Porous composite electrodes play a critical role in determining the performance and durability of solid oxide fuel cells, which are now emerging as a high efficiency, low emission energy conversion technology for a wide range of applications.In this paper we present work to combine experimental electrochemical and microstructural characterisation with electrochemical simulation to characterise a porous solid oxide fuel cell anode. Using a standard, electrolyte supported, screen printed Ni-YSZ anode, electrochemical impedance spectroscopy has been conducted in a symmetrical cell configuration. The electrode microstructure has been characterised using FIB tomography and the resulting microstructure has been used as the basis for electrochemical simulation. The outputs from this simulation have in turn been compared to the results of the electrochemical experiments.A sample of an SOFC anode of 6.68 mu m x 5.04 mu m x 1.50 mu m in size was imaged in three dimensions using FIB tomography and the total triple phase boundary density was found to be 13 mu m(-2). The extracted length-specific exchange current for hydrogen oxidation (97% H-2, 3% H2O) at a Ni-YSZ anode was found to be 0.94 x 10(-10), 2.14 x 10(-10), and 12.2 x 10(-10) A mu m(-1) at 800, 900 and 1000 degrees C, respectively, consistent with equivalent literature data for length-specific exchange currents for hydrogen at geometrically defined nickel electrodes on YSZ electrolytes. (C) 2010 Elsevier B.V. All rights reserved.
Shearing PR, Gelb J, Brandon NP, 2010, X-ray nano computerised tomography of SOFC electrodes using a focused ion beam sample-preparation technique, JOURNAL OF THE EUROPEAN CERAMIC SOCIETY, Vol: 30, Pages: 1809-1814, ISSN: 0955-2219
Weng X, Brett D, Yufit V, et al., 2010, Highly conductive low nickel content nano-composite dense cermets from nano-powders made via a continuous hydrothermal synthesis route, Solid State Ionics, Vol: 181, Pages: 827-834
Cai Q, Brandon NP, Adjiman CS, 2010, Modelling the dynamic response of a solid oxide steam electrolyser to transient inputs during renewable hydrogen production, Frontiers of Energy and Power Engineering in China, Vol: 4, Pages: 211-222, ISSN: 1673-7504
Hydrogen is regarded as a leading candidate for alternative future fuels. Solid oxide electrolyser cells (SOEC) may provide a cost-effective and green route to hydrogen production especially when coupled to a source of renewable electrical energy. Developing an understanding of the response of the SOEC stack to transient events that may occur during its operation with intermittent electricity input is essential before the realisation of this technology. In this paper, a one-dimensional (1D) dynamic model of a planar SOEC stack has been employed to study the dynamic behaviour of such an SOEC and the prospect for stack temperature control through variation of the air flow rate. Step changes in the average current density from 1.0 to 0.75, 0.5 and 0.2 A/cm2 have been imposed on the stacks, replicating the situation in which changes in the supply of input electrical energy are experienced, or the sudden switch-off of the stack. Such simulations have been performed both for open-loop and closed-loop cases. The stack temperature and cell voltage are decreased by step changes in the average current density. Without temperature control via variation of the air flow rate, a sudden fall of the temperature and the cell potential occurs during all the step changes in average current density. The temperature excursions between the initial and final steady states are observed to be reduced by the manipulation of the air flow rate. Provided that the change in the average current density does not result in a transition from exothermic to endothermic operation of the SOEC, the use of the air flow rate to maintain a constant steady-state temperature is found to be successful.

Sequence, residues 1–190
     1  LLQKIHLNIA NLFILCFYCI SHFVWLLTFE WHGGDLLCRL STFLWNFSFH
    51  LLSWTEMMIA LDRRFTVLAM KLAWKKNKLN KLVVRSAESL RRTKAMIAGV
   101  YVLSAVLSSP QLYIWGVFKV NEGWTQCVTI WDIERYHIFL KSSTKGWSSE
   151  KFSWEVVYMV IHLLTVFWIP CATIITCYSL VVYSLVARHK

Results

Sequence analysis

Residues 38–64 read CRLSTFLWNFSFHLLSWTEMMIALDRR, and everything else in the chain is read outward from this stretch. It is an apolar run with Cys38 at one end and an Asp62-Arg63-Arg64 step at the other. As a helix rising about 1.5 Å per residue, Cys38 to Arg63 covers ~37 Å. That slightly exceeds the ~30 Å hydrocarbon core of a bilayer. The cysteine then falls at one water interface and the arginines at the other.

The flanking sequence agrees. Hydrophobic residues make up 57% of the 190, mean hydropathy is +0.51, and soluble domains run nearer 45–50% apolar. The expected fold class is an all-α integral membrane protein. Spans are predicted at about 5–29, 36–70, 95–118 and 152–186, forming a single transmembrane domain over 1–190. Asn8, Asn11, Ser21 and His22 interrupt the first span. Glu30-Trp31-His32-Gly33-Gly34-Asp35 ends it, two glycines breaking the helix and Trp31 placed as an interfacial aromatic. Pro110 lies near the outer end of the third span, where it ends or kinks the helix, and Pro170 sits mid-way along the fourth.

Brandon NP, 2010, Understanding solid oxide fuel cell microstructure, ABSTRACTS OF PAPERS OF THE AMERICAN CHEMICAL SOCIETY, Vol: 239, ISSN: 0065-7727
Shearing PR, Howard LE, Jorgensen PS, et al., 2010, Characterization of the 3-dimensional microstructure of a graphite negative electrode from a Li-ion battery, ELECTROCHEMISTRY COMMUNICATIONS, Vol: 12, Pages: 374-377, ISSN: 1388-2481